Researchers found that intensive exercise prevented shortening of telomeres could prevent aging of the cardiovascular system.
The researchers found that intensive exercise prevented shortening of telomeres, a protective effect against aging of the cardiovascular system.
The telomere shortening mechanism limits cells to a fixed number of divisions and can be regarded as a "biological clock."
Gradual shortening of telomeres through cell divisions leads to aging on the cellular level and may limit lifetimes. When the telomeres become critically short the cell undergoes death.
Two groups of trained professional athletes were compared with those who were not trained athletes.
The blood cells of the individuals with long-term exercise training exhibited molecular indicators of reduced aging.
"The most significant finding of this study is that physical exercise of the professional athletes leads to activation of the important enzyme telomerase and stabilizes the telomere," said Dr Ulrich Laufs, M.D., the study's lead author and professor of clinical and experimental medicine in the department of internal medicine at Saarland University in Homburg, Germany. The age-dependent telomere loss was lower in the master athletes who had performed endurance exercising for several decades.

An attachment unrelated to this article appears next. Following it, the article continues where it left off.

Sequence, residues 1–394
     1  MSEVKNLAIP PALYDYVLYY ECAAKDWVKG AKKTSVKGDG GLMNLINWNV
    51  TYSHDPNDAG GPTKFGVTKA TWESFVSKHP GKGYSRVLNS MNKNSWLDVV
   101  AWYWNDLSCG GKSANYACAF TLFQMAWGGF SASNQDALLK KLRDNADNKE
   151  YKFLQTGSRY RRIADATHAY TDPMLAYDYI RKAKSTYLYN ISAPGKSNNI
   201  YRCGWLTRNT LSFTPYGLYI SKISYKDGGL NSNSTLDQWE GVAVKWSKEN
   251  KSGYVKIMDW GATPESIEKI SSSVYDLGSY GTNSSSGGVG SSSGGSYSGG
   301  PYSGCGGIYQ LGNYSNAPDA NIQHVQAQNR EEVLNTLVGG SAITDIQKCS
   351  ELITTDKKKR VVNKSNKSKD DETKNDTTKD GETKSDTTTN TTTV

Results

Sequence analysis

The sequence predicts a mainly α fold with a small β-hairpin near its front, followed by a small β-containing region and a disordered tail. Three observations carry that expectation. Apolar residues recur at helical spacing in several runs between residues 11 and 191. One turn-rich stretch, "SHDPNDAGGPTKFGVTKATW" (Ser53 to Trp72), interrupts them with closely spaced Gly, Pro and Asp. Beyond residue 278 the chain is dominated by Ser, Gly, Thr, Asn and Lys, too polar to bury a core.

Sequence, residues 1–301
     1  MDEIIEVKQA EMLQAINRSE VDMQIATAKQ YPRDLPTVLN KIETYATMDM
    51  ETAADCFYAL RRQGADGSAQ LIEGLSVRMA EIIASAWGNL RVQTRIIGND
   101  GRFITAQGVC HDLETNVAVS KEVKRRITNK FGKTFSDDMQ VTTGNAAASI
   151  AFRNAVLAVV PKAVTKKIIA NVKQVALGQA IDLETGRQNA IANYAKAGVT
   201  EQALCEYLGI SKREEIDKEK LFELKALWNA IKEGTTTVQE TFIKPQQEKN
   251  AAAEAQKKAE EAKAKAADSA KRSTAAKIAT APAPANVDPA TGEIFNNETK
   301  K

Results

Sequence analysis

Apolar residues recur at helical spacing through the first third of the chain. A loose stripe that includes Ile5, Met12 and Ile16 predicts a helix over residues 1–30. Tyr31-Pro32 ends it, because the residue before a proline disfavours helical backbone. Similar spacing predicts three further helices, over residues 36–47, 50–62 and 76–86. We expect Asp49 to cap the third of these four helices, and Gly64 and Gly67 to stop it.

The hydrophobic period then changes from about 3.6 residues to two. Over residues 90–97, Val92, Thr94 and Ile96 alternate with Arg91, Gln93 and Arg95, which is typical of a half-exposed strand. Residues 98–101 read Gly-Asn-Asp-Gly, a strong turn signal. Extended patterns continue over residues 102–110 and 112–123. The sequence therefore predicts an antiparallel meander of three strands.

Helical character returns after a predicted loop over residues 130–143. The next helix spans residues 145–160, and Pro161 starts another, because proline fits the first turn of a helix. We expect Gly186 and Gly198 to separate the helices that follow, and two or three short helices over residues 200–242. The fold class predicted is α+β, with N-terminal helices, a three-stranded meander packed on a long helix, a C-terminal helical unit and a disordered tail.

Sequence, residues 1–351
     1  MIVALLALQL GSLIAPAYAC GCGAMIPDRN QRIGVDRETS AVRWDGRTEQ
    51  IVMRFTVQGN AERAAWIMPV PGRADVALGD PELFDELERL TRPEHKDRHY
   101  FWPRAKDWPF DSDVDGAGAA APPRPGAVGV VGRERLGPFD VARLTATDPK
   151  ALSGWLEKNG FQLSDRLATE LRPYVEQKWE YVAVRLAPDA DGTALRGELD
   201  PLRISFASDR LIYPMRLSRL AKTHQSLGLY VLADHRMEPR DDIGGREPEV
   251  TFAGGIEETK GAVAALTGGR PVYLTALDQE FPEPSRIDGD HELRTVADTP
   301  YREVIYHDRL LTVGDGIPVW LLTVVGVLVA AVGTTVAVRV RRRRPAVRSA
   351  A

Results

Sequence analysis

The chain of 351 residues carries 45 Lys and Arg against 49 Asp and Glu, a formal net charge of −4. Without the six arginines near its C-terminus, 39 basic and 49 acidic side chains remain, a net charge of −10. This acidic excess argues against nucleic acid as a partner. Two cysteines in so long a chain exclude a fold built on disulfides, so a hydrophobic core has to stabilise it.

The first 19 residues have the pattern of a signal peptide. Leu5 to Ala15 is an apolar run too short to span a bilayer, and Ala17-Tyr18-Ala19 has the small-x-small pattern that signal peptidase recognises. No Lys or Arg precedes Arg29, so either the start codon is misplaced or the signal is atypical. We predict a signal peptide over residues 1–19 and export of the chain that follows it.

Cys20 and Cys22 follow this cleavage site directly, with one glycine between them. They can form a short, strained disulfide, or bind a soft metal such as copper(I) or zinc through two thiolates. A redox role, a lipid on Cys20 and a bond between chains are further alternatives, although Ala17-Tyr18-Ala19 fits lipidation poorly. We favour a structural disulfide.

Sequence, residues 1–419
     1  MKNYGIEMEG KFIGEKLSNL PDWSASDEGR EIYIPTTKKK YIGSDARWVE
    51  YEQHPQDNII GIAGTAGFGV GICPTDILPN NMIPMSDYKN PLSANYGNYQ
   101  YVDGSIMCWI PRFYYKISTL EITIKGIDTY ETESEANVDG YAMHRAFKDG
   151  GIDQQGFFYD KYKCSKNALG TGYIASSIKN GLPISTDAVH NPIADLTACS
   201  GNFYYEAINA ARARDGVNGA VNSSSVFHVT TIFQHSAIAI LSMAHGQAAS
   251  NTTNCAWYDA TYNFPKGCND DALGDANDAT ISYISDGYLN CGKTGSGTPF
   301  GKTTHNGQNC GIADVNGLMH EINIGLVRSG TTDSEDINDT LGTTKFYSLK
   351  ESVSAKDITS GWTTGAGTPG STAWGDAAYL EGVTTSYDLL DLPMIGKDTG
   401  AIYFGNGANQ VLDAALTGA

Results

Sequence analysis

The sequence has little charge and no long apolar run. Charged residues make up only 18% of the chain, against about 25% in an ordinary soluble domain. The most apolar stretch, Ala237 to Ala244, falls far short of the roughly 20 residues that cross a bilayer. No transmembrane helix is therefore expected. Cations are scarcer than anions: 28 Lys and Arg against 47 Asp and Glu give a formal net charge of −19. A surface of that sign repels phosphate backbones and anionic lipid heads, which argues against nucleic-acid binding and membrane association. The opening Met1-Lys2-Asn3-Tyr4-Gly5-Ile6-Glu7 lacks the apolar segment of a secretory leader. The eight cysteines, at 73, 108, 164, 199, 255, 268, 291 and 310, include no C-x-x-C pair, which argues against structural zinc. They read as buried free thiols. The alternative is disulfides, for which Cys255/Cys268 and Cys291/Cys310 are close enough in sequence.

"Our data improves the molecular understanding of the protective effects of exercise on the vessel wall and underlines the potency of physical training in reducing the impact of age-related disease," Laufs added.
The study is reported in Circulation: Journal of the American Heart Association.